Byline: Barbara Davies
MOST people find it hard to believe that Amy Lewis is 13. At first glance, it's not hard to see why. The excessively coiffed hair, the spray tan, the false eyelashes, the make-up, the talon-like acrylic nails, all speak of someone far older.
Amy, of course, is rather pleased with this state of affairs. Her idol is glamour model and reality TV star Jordan (real name Katie Price) a pneumatic-chested mother-of-three who, as we shall see, has developed a grip on the minds of the nation's young teenage girls.
'She is both gorgeous and very bright,' enthuses Amy, the daughter of a construction worker and a hairdresser from Hucknall in Nottinghamshire.
'She has used her looks to make a lot of money and that's what I want to do, too. She is my role model and lots of my friends aspire to be like her.' Worryingly, Amy's outlook is far from unusual and, most alarming of all, is becoming increasingly prevalent among middle-class girls, children who have traditionally aspired to a university education and a respectable career.
Charity administrator's daughter Natalie Halls is just 14, but as she says of Jordan: 'She's really pretty, she's got a handsome husband, three kids, loads of houses and money that's why I want to be like her.
'She's got the perfect life a career in modelling and on TV, plus books and other things. And she's always in magazines looking pretty.' And 13-year-old Maria Daly, who has wanted to be like Jordan since she was ten years old, adds: 'Jordan's strong and keeps going until she gets what she wants. That's what I'm going to be like.' A depressing state of affairs, even more so when Maria's mother, Sharon, a 46-year-old nurse from Birmingham, chips in: 'I actually believe that Jordan is a really good role model for my daughter and I'd love Maria to be a model. Jordan is one of the most straight-talking celebrities in the world..
'She's got lots of different careers and she's a working mum. She works especially hard with her son Harvey, who is disabled.' So how did it come to this? That an entire generation of intelligent young women, watched happily by their mothers, are modelling themselves on a woman who has made a career out of a pair of inflated breasts, a ruthlessly stagemanaged career in soft porn and a tumultuous and highly sexual relationship with her husband, singer Peter Andre not to mention her forays into the literary world.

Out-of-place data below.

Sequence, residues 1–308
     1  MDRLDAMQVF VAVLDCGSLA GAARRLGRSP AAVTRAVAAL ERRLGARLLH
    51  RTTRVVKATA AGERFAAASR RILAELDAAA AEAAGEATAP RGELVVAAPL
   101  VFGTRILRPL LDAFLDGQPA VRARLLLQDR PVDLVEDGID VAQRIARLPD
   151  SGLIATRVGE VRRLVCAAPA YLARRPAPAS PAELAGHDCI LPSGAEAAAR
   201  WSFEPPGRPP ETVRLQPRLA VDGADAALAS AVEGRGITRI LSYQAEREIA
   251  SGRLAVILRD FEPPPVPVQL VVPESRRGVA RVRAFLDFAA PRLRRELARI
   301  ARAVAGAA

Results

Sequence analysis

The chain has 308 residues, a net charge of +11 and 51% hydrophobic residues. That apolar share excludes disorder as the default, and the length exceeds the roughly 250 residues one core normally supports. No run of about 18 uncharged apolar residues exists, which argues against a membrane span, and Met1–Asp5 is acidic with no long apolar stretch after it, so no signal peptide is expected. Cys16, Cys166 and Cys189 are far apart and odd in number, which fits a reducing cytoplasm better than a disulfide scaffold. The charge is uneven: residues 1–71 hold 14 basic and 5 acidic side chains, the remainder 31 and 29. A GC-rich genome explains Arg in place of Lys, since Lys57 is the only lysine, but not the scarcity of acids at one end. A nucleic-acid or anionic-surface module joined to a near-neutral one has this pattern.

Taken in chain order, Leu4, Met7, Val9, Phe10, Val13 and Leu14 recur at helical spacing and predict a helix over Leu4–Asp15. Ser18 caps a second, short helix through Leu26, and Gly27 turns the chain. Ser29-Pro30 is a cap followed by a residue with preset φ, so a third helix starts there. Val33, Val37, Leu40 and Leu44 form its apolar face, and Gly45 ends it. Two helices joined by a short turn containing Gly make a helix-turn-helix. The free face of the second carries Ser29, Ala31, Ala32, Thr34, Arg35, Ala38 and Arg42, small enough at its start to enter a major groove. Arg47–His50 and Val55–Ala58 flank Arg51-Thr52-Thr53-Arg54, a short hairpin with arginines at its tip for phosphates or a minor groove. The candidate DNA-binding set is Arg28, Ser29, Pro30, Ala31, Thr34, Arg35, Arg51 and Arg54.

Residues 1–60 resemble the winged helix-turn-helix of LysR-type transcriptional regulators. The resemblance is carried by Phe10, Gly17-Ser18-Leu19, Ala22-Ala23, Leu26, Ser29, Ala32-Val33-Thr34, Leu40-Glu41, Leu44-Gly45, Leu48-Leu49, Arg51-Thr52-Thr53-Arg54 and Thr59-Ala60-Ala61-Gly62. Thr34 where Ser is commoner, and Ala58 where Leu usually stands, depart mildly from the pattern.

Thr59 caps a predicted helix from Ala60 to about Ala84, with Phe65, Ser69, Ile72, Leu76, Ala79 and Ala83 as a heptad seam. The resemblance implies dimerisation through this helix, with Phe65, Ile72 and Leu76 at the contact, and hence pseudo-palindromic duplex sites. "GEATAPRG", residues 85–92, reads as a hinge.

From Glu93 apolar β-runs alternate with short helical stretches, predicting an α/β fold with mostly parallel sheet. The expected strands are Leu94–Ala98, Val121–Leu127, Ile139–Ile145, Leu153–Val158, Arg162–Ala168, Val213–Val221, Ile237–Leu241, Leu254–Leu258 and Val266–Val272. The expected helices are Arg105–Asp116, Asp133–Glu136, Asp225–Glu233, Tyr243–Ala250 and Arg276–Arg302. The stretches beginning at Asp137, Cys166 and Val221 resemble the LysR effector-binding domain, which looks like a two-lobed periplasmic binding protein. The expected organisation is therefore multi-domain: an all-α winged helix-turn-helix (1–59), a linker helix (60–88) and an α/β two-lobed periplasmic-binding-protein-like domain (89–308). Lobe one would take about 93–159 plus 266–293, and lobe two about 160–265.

Social commentators say that self-made multimillionaire Katie Price, who has successfully marketed herself as a brand, is viewed by many young women as a feminist icon.
There is little doubt that this dual role is sending out dangerously mixed messages.
The same, too, applies to Price's forays into authorship. She writes for very young girls, with her Perfect Ponies books as well as for an older market. The fact that all her books, which are ghost-written, are best-sellers, does not detract from their questionable literary quality.
Take, for example, this extract from her novel, Crystal: 'Crystal didn't care that he might think she was easy or a slag.
She just wanted him and it felt so right.' Or from her latest novel, Angel Uncovered, which is published today: 'She kissed him hard, digging her nails into his back. "Go on," she said, "**** me. Then you'll have what you want and I can go to sleep." ' These, it is safe to say, are exactly the kinds of book which are going to be devoured by teenagers who have also pored over her two best-selling autobiographies.
Any mother with an ounce of sense might be expected to steer her daughter firmly away from such questionable influences. But not so the mothers of Amy, Natalie and Maria who, one might think, as educated women would know better.
Amy Lewis's parents are divorced and she lives with her brother Liam, 21, and her 45-year-old father Stephen, but her mother, 37-year-old hairdresser Mary Montgomery, is happily saving up to pay for a breast enlargement for her daughter, who proudly announces she is already a 32DD. …